Last night, Microsoft Research released WorldWide Telescope--new, free software that enables users to explore the universe with impressive content from the Hubble Space Telescope, NASA's Spitzer Space Telescope, the Chandra X-Ray Observatory Center, and other famed ground- and space-based telescopes. Colorful nebulae, distant galaxies, black holes, and radiation clouds are all accessible from your desktop with a few clicks. The software has been released for free in honor of Jim Gray, a Microsoft researcher who was lost at sea last year.
Google Earth added a similar feature called Google Sky with its Version 4.2 release. Google also offers a browser-based version of Google Sky, while Microsoft requires the download and installation of the WorldWide Telescope software. Google Sky is a bit more user friendly right now, but Microsoft has the advantage of a wealth of content. For example, Google Sky offers infrared, microwave, and historical views of objects in the universe; WorldWide Telescope allows nearly 50 different types of viewing, including infrared dust maps and cosmic microwave background, along with a bevy of other options that I couldn't even begin to explain.
Google Sky has the advantage of being quite a bit easier to pick up and use immediately, but in actuality, WorldWide Telescope is a totally different beast. Google Sky is a bonus feature that Google added onto its Earth-imagery application; WorldWide Telescope's primary objective is to create a visual representation of the universe on your desktop. You can peruse telescope images of Earth with WorldWide Telescope, but there's not the detailed satellite imagery of your neighborhood that you get in Google Earth.
The main WorldWide Telescope interface includes seven tabs for navigating: Explore, Guided Tours, Search, Community, Telescope, View, and Settings. Clicking each tab presents a variety of options across a bar along the top of the program, and clicking the arrow below each tab results in a drop-down menu with options. Some of the tabs, such as Explore and Search, include collapsible submenus with further options at the bottom of the interface.
The bulk of the screen is devoted to the program's primary purpose: displaying detailed images of objects throughout the universe. With default view settings, constellations are outlined in orange, and red "figures" display the constellations' conventional representations. For example, the orange constellation Ursa Minor looks like a bizarro version of the Stanley Cup, but the red figure displays the classic "little dipper."
You can move around the sky by clicking with your left mouse and dragging the screen. Holding down Shift while doing so will rotate and tilt the view. Likewise, clicking and holding the center mouse button also rotates/tilts. You can zoom in with the "+" sign or Page Down, and zoom out with the "-" sign or Page Up. Scrolling the mouse wheel also zooms, but not at the fine level of the buttons. Right clicking on any object will pop up the Finder Scope, which displays information like name, location, size, and position of celestial bodies.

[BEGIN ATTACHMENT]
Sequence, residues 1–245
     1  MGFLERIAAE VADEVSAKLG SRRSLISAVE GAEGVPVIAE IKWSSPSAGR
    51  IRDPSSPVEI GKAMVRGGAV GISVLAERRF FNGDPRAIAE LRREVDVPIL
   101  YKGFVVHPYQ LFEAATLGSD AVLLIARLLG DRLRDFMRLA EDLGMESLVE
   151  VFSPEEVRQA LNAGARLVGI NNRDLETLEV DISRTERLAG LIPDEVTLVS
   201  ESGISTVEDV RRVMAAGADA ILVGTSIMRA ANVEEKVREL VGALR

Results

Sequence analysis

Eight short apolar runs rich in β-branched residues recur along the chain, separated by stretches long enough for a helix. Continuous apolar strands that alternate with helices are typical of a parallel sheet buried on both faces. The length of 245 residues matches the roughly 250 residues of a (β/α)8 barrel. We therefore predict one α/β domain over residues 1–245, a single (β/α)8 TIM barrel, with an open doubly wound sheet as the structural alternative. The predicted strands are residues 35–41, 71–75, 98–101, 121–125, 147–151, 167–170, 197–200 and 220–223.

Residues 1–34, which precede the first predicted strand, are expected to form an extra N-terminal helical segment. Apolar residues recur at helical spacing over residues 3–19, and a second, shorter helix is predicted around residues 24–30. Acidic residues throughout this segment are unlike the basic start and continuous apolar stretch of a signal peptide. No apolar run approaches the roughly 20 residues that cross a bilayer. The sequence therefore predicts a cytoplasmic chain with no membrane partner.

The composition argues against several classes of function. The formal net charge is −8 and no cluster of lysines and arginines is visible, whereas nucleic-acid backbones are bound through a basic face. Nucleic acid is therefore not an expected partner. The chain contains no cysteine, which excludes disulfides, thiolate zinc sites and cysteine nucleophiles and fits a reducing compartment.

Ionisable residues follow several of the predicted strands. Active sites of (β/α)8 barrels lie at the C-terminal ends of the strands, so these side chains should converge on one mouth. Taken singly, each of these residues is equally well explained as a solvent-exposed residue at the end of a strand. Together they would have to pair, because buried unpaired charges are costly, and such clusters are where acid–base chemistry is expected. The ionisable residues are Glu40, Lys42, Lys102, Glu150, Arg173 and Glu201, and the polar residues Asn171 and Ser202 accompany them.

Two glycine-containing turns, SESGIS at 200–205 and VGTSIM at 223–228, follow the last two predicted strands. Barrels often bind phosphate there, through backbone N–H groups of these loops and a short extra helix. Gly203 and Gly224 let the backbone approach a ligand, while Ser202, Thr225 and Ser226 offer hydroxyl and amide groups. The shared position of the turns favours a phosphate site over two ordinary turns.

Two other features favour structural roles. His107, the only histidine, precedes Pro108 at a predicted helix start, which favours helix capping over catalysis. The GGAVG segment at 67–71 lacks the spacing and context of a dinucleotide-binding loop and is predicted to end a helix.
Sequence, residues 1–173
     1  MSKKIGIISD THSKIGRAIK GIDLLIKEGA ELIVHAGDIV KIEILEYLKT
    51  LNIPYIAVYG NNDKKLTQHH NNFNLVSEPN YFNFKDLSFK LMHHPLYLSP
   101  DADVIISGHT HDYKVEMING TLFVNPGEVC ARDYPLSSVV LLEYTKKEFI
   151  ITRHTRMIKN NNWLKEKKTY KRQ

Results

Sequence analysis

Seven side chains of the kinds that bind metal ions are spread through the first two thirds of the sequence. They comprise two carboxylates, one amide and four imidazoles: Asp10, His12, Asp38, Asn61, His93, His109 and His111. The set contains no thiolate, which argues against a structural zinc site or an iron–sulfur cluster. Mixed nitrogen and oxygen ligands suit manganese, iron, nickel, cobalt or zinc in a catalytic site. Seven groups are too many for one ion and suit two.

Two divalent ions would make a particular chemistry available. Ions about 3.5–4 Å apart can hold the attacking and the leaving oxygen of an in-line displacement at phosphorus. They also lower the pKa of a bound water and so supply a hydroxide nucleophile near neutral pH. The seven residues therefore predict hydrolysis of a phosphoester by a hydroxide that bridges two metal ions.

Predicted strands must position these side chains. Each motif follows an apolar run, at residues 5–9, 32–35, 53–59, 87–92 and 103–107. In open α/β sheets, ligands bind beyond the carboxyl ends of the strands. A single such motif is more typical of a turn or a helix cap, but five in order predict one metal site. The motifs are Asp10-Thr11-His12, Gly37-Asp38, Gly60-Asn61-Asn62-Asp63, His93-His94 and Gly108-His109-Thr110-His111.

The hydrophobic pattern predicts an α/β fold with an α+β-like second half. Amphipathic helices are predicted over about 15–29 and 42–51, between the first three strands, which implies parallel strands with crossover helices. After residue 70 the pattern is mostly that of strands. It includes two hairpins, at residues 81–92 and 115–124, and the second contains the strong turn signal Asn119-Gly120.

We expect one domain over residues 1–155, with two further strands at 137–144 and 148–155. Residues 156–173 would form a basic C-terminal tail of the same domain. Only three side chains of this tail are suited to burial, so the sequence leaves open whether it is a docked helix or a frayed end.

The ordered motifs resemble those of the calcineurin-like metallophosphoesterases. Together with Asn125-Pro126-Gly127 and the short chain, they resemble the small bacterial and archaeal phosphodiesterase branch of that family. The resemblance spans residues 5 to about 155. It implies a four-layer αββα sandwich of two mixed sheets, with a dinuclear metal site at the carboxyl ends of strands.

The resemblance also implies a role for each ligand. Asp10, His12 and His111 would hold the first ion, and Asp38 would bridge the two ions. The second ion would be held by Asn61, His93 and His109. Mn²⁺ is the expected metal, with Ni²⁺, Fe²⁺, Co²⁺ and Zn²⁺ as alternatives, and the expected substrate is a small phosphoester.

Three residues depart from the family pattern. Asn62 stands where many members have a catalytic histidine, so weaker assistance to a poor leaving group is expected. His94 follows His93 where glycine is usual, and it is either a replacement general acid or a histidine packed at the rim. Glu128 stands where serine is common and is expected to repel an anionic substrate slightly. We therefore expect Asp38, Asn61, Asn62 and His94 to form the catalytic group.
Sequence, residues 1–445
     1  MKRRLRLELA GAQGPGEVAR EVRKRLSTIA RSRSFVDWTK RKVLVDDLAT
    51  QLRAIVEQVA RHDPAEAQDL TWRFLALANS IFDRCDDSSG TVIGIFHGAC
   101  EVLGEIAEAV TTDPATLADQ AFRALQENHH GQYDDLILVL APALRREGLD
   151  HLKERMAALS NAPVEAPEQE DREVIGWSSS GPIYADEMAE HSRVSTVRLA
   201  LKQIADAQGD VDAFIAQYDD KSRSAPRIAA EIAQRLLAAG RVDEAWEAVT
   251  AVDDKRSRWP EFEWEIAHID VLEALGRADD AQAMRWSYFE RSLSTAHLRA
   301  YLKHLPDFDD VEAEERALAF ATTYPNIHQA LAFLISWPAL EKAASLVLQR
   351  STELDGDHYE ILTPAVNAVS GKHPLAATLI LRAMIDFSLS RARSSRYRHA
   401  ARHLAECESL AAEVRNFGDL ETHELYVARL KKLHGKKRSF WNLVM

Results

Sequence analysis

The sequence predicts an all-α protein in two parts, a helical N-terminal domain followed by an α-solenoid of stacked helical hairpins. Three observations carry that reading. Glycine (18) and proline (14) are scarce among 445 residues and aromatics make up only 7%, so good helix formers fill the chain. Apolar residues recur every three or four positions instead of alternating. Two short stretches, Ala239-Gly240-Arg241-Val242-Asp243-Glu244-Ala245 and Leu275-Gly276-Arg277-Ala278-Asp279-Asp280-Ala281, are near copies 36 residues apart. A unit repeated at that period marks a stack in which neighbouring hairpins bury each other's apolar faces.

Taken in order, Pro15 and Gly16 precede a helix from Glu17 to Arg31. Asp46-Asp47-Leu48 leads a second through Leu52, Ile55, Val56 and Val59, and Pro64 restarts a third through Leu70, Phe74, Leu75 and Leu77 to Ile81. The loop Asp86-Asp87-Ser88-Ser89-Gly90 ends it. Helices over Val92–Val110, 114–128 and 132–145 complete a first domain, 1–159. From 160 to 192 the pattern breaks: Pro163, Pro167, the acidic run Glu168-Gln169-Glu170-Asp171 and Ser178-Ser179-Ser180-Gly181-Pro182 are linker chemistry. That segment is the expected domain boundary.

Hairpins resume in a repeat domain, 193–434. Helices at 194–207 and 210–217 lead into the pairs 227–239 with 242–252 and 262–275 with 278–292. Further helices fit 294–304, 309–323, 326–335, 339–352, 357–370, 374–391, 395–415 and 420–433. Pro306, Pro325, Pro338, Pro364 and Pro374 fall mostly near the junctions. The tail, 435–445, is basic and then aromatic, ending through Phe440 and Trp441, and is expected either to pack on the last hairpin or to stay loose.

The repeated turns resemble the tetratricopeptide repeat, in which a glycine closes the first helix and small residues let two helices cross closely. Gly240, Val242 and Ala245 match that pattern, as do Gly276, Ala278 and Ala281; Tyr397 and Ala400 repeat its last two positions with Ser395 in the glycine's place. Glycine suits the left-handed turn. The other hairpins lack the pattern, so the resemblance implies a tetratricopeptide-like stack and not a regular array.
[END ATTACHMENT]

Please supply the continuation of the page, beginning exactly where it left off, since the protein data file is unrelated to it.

Ten existing collections group telescope destinations such as planets, constellations, nebulae, and stars. A few of the collections are devoted to sources, such as Hubble Images, Chandra Images, or the Messier Catalog. An empty collection titled "My Collections" lets you save your favorite places in the universe to visit them later. Simply click "Add New Item" to save a spot on the screen to your new group. Collections can also be played back as slide shows to impress your spouse or colleagues.
Perhaps the coolest feature of WorldWide Telescope is the ability to watch guided tours of the universe conducted by experts and users, such as Alyssa Goodman of the Harvard Smithsonian Center for Astrophysics discussing the dark regions of galaxies that form stars and planets or Dr. Frank Summers or 6-year-old Benjamin taking a journey to the Ring Nebula. Loading a guided tour creates a new tab at the top of the interface, and you can navigate forward or backward through the tour as you like.
There are well over 30 tours already included in WorldWide Telescope. If you don't find the one you want, creating a tour yourself is fun and easy, as well. Select "Create New Tour" from the Guided Tours drop-down menu, and enter in the basic details for your tour, such as author, description, level (i.e. beginner, intermediate, or advanced), and taxonomy. After your create your tour, adding slides is as simple as adding screens to a collection. Just hit "Add a Slide" and your screen will be saved to a timeline across the top of the interface.
You can add text, images, and shapes to enhance your tour, and you can even layer a soundtrack and voiceover using upload widgets at the right of the guided tour options. I'm not exactly sure how you can upload or share tours with other users, or how user tours like Benjamin's make it into the WorldWide Telescope interface. The program's Help file instructs users to "click the top of the Guided Tours tab and click Submit Tour for Publication," but I didn't see that option available. Maybe my tour stinks.
There are a few niggling bugs in WorldWide Telescope--zooming with the mouse wheel often scrolls through thumbnail panes in search results accidentally, and canceling the download of a guided tour inevitably crashed the program for me--and the help content is hidden underneath the Explore drop-down menu, which could leave newbies high and dry upon starting the program. However, the software boasts a hoard of amazing telescope imagery to be explored as well as very cool features that let you view, save, and manage that imagery in many different ways. WorldWide Telescope appears to be an invaluable tool for hobbyists, astronomers, students, educators, or anyone curious about the universe.